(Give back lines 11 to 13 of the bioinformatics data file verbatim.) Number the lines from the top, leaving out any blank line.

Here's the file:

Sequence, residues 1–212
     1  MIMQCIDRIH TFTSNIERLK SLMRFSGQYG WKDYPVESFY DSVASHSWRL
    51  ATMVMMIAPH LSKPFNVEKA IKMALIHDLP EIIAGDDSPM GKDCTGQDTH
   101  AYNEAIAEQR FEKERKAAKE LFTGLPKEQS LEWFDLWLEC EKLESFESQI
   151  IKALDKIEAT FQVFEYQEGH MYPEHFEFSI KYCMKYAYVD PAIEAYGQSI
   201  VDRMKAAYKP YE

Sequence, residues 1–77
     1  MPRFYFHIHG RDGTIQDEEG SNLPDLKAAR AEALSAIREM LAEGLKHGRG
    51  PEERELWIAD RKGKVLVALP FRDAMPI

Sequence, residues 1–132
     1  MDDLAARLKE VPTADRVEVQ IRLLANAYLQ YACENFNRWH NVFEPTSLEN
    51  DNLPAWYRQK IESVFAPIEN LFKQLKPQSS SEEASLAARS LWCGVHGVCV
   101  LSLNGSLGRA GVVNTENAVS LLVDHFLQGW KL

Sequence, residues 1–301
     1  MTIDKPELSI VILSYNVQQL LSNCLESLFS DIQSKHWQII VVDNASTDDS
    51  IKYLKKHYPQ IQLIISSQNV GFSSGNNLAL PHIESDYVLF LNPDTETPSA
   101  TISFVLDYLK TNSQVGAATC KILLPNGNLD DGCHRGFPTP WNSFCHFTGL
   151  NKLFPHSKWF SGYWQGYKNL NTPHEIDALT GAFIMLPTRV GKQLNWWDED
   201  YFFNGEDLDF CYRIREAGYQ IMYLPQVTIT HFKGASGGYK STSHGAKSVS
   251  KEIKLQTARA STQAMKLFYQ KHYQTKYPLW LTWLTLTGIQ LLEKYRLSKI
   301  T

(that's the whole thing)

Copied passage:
     1  MDDLAARLKE VPTADRVEVQ IRLLANAYLQ YACENFNRWH NVFEPTSLEN
    51  DNLPAWYRQK IESVFAPIEN LFKQLKPQSS SEEASLAARS LWCGVHGVCV
   101  LSLNGSLGRA GVVNTENAVS LLVDHFLQGW KL